MONDAY, June 17, 2019 (HealthDay News) -- Take a stroll down the beauty products aisle and you'll see rows of colorful packages, even some with pictures of fruit on them. It's easy to see how about a dozen kids a day end up in the emergency room due to exposure to these enticing chemical concoctions.

Over a 15-year period, nearly 65,000 youngsters under 5 years of age were treated in ...

CDC Opens Emergency Operations Center for Congo Ebola Outbreak

THURSDAY, June 13, 2019 (HealthDay News) -- The United States is stepping up its response to a historic outbreak of Ebola in two African nations.

The U.S. Centers for Disease Control and Prevention activated its Emergency Operations Center Thursday to assist in the government's response to the second-largest outbreak of Ebola on record.

The announcement came as the deadly v...

Patient Catches on Fire During Heart Surgery

TUESDAY, June 4, 2019 (HealthDay News) -- Having emergency heart surgery is always risky, but a new case report reveals an unexpected danger: A flash fire ignited a man's chest during such a procedure.

A 60-year-old man underwent lifesaving heart surgery for a torn aorta, the main artery that carries blood away from the heart.

The patient had chronic obstructive pulmonary di...

Many Feel 'Frozen' When Heart Attack Strikes

THURSDAY, May 30, 2019 (HealthDay News) -- When a heart attack occurs, delaying treatment by even a few minutes could be deadly.

But many people wait hours after symptoms set in to get care -- either because they feel mentally "frozen" and unable to act, or because they're slow to recognize the seriousness of the situation, a new survey reveals.

The finding stems from a look...

Women in Cardiac Arrest Less Likely to Receive Help, Study Finds

MONDAY, May 28, 2019 (HealthDay News) -- Women who suffer a cardiac arrest in public are less likely than men to get resuscitation help from bystanders, and more likely to die, new research shows.

For the study, scientists analyzed data on more than 5,700 out-of-hospital cardiac arrests that occurred in a province of the Netherlands between 2006 and 2012. Women accounted for 28% o...

Heroin ODs Have Started Declining in Some States

THURSDAY, May 16, 2019 (HealthDay News) -- After years of steady increases, the number of Americans showing up in emergency departments with heroin overdoses is on a downswing, at least in some states.

Between 2017 and 2018, many states saw a dramatic drop in the number of people being rushed to hospitals as a result of a heroin overdose, according to a new report from the U.S. Center...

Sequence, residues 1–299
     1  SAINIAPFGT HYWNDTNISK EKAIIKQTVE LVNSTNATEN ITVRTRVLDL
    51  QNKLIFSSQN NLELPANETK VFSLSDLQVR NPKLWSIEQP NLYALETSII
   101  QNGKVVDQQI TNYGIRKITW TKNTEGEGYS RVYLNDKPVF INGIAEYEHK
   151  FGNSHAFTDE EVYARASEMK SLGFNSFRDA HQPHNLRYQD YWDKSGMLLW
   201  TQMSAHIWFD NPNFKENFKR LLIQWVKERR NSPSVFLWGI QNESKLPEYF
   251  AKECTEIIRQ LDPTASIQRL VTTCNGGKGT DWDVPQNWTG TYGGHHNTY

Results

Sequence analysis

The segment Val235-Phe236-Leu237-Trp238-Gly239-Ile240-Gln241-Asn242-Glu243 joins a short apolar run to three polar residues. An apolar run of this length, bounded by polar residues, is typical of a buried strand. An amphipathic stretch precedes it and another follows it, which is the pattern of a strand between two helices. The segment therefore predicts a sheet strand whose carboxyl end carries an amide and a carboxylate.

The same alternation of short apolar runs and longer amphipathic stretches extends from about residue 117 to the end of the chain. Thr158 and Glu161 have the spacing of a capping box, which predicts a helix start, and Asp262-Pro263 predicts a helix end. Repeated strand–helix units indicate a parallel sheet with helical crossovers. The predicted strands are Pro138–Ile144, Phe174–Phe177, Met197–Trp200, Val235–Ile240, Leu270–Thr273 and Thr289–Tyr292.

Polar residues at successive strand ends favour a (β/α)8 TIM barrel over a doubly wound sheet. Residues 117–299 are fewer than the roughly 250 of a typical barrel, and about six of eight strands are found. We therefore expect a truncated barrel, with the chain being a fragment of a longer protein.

Pool Chemicals Harm Thousands Every Summer

THURSDAY, May 16, 2019 (HealthDay News) -- Swimming pools are one of the great joys of summer, but U.S. health officials warn that the chemicals that keep the water pristine can land you in the ER.

Between 2008 and 2017, there were more than 4,500 pool chemical-related injuries reported each year, a new report from the U.S. Centers for Disease Control and Prevention found.

"...

Red Cross Needs Type O Blood to Ease Shortage

THURSDAY, May 16, 2019 (HealthDay News) -- There's a severe nationwide shortage of Type O blood, and the American Red Cross has issued an urgent appeal for donations.

The current supply of Type O blood is critically low: Six units are available for every 100,000 people in the United States, but at least twice as much is required every day.

Type O-negative is the universal b...

Brief EMS Training Saves Lives After Brain Injury

THURSDAY, May 9, 2019 (HealthDay News) -- All it takes is two hours of training to save a life after a severe head injury, researchers say.

A new study reports that training first responders in emergency treatment guidelines for severe head injuries does improve chances of survival.

The guidelines for pre-hospital care of traumatic brain injury (TBI) patients by EMS workers ...

U.S. Improves Emergency Readiness, but Gaps Persist

WEDNESDAY, May 8, 2019 (HealthDay News) -- The United States' ability to deal with major health emergencies quickly has improved significantly in recent years, researchers say.

In 2019, America scored 6.7 on the 10-point National Health Security Preparedness Index. That's a 3.1% improvement over the last year, and up 11.7% since the index was created in 2013.

The fin...

Military Tourniquets Might Save Kids' Lives During School Shootings

TUESDAY, May 7, 2019 (HealthDay News) -- A new study finds that a tourniquet used in war zones could save students' lives when gun violence strikes a campus.

The Combat Application Tourniquet (CAT), a cuff-like device that wraps around a limb to stop bleeding, was developed for adults, but this study of 36 boys and 24 girls found that it controlled blood flow in their arms and legs.

Not Just Opioids: Deaths Tied to Cocaine, Meth Are Soaring, Too

THURSDAY, May 2, 2019 (HealthDay News) -- As the United States battles an ongoing epidemic of opioid abuse and deaths, new data shows that fatalities tied to cocaine and methamphetamines are also surging.

In fact, of the more than 70,000 lives lost to drug overdoses in 2017, "nearly a third involved cocaine, psychostimulants or both," reports a team led by researcher Mbabazi Kariisa, ...

Is Peanut Allergy 'Immunotherapy' Causing More Harm Than Good?

THURSDAY, April 25, 2019 (HealthDay News) -- The idea behind immunotherapy for peanut allergy is appealing in its simplicity: Ask a patient to eat tiny amounts of peanut every day, and over time their immune system will become desensitized to it.